By making object types objects you can give groups of people access to groups of objects. For example you could make an abstract type called developer_forum have supertype of forum, give the developer group access to developer_forum and write queries like

select object_id 
from acs_objects 
where object_type = 'developer_forum'
and get a list of forum objects the developer group can access. You can also control what attributes users have access to as well as what enums they could choose. This could be done by granting permissions instead of writting code.

Added data to the attributes so forms can be generated from the meta data would allow packages to be more dynamic and configurable. It would also allow the development of a RAD package. The are pieces of that now but I would be nice to add to the core because even if a package was not completed by RAD it could be started that way. That would help insure that sql runs on all supported databases and the sql object interfaces and metadata are created in a consistant manor.

I think all of this can be done with a second set of tables so there will no impact on existing apps. Should we start a discussion about what should be in those tables?

Posted by Dave Bauer on

You plan sounds good, I will leave it to Jeff and Don, to comment on the plan.

I am curous about your statement that you can't use more than one template with the same code. You can use a tcl datasource script with more than one template. The default is to use the template with the same name as the tcl datasource script, but you can specify any template name with the ad_return_template command.

Is this what you were referring to? Or am I misunderstanding?

Posted by Barry Books on
By default the templating system pairs by name so index.tcl is paired with index.adp. You can override this but I've never had much luck with that. You can place files in the filesystem with paths like that those created with site map and override index.tcl and index.adp, but it's both or none. It would be nice if the request processor would allow you to override just index.adp so you could change the look without changing the code.

The form package is slightly better because you can specify a form template in the form tag. You still have to write code but it just seams cleaner to me.

Now that I say this I guess fixing the first would also allow forms to have different templates since the form template is in the adp file.

Posted by Dave Bauer on

Correct. If you do not specify the ADP template when you call ad_return_template, it looks for an adp with the saem filename as the tcl file.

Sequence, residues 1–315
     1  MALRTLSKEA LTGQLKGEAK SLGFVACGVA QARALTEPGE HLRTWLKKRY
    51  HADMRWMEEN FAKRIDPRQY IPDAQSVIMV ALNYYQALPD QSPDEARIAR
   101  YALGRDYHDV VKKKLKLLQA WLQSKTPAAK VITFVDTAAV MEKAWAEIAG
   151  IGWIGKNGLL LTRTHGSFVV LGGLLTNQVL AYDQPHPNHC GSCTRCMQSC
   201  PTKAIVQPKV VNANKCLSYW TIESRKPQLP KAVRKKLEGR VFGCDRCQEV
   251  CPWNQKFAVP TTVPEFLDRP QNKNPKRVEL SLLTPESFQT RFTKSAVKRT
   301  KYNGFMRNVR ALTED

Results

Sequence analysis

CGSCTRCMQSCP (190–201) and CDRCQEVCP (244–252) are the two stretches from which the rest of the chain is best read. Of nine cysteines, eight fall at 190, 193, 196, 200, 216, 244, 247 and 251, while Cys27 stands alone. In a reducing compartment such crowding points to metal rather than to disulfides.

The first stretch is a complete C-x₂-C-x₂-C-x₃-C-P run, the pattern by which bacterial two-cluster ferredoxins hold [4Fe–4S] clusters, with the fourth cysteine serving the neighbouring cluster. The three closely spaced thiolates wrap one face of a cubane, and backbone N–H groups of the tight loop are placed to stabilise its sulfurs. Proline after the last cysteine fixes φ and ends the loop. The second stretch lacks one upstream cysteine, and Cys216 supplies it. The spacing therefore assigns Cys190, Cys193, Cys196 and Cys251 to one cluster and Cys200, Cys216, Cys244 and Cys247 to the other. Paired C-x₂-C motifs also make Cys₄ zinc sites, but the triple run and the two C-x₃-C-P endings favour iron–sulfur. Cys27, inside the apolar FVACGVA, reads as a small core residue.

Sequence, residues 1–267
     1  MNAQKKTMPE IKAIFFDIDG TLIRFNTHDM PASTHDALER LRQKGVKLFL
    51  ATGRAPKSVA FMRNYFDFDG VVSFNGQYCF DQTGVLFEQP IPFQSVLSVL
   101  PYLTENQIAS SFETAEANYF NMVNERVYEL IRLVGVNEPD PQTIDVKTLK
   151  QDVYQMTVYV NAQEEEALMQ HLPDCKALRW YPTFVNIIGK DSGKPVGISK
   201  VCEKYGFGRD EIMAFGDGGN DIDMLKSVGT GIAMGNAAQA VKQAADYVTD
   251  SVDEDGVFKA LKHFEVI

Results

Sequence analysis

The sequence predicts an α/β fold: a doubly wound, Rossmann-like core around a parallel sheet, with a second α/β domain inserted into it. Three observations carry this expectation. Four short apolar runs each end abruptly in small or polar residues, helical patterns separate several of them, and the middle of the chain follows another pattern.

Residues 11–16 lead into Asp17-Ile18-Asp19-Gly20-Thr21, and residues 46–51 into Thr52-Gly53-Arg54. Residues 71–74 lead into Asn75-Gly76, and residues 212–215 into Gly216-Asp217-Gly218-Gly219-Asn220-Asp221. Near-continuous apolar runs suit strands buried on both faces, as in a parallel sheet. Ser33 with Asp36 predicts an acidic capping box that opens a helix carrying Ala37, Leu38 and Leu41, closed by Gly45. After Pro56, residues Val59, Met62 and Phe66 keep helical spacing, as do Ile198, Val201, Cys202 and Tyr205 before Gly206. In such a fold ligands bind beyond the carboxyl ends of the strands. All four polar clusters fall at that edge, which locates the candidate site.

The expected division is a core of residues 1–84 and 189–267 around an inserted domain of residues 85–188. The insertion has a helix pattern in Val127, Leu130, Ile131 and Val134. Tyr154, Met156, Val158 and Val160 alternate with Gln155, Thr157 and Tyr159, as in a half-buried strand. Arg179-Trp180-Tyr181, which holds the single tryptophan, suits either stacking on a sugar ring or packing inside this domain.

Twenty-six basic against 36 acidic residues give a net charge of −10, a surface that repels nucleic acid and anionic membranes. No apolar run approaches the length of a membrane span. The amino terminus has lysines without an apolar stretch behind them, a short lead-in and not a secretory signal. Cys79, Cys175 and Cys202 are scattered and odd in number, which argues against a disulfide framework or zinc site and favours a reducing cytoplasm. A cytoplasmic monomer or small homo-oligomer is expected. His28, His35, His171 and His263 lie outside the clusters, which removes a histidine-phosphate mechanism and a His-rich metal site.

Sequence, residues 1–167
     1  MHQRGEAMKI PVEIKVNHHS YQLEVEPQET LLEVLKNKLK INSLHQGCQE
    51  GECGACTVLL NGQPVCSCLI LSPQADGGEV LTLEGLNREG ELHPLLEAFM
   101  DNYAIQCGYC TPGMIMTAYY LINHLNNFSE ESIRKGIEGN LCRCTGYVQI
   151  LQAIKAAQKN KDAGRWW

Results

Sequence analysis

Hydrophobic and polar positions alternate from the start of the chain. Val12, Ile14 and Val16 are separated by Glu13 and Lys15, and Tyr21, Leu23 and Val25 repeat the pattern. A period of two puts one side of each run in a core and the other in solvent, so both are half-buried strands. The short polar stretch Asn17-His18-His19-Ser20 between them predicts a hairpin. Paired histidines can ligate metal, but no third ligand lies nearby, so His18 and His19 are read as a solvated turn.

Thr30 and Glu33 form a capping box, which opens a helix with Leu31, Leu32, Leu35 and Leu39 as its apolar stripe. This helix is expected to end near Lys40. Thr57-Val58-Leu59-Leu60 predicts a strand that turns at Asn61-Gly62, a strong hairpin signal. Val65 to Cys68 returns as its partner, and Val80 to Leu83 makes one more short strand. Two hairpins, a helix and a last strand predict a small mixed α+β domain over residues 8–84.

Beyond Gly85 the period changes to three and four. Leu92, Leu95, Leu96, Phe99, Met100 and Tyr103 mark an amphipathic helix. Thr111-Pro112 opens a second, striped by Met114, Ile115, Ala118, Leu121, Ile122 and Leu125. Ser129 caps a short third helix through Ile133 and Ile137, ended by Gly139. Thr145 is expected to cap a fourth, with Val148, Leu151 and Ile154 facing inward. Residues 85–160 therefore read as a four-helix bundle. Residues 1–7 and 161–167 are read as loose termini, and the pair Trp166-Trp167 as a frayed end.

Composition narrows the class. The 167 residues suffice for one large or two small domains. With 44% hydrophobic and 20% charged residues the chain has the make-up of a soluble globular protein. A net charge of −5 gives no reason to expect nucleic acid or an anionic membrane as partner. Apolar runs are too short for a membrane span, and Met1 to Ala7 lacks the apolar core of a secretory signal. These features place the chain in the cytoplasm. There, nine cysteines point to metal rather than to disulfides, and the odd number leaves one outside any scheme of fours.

You can specify an alternate template, or decide in the tcl code which template to call.

But it sounds like you are talking about replacing the built-in templates with locally customized versions. Is this what you are referring to? There isn't currently any built in way to tell the request processor to use a local version of a file instead of the default one supplied with a package. I have a couple of different ideas on how to fix this to make it easier to make local changes to packages.

Posted by Don Baccus on
We implemented customized .adp templating for scripts for Greenpeace, but not in a general way.  The only barrier to doing something general is deciding on just how we want it to work.  For GP we searched first in a custom location then used the existing paired .adp file (index.adp for index.tcl for instance) as a fallback, that way subsites only need to customize those templates they actually want to change.

But in the general case I'm not sure how it should work.

Regarding object types as objects ... Barry, could you e-mail me a tarball of your changes and (hopefully) update scripts to take a look at?  As I said above I do agree that this would be useful, and yes, permissions are why.  We were looking at this in the design of a "general ratings" package (that hasn't been implemented as the volunteer got a real job, a never-ending one because the company's using Java.)  The idea was that rating dimensions were to be ACS object types, and if these types were objects you could control who could rate an object using a particular dimension (rather than just "user can rate all aspects of a particular object")  The volunteer had a lot of experiences with knowledge management systems and had found that level of granularity important in the past.

Anyway ... I'd love to look at your object-types-as-objects changes.  4.7 is the perfect place to slide in fundamental changes of this sort.

form templating vs. ad_page_contract.  When I wrote ad_form (have you played with it?) I considered trying to do a tight integration with ad_page_contract but decided against it for the time being.  There are several reasons for that.  Among other things pages handling multiple forms aren't uncommon, so you want more than one ad_form call for the separate forms. And individual forms frequently need to be built piecemeal, this the "ad_form -extend" construct to add to an existing form.  On the other hand ... ad_page_contract sets a contract for the page and should be a one-call device.  Also errors are returned in an entirely different way by the form builder (ad_form) and ad_page_contract.  And ad_form handles the flow of processing self-submit forms for you in a way that's straightforward but doesn't blend in well with the ad_page_contract paradigm (IMO)

These aren't simple design issues to solve, so I decided to keep ad_form and ad_page_contract separate.  At the moment I think it would be a lot easier to document how the two interact.

Posted by Alfred Werner on
For history's sake, I wanted to link this thread to this announcement for AMS - the Attribute Management System .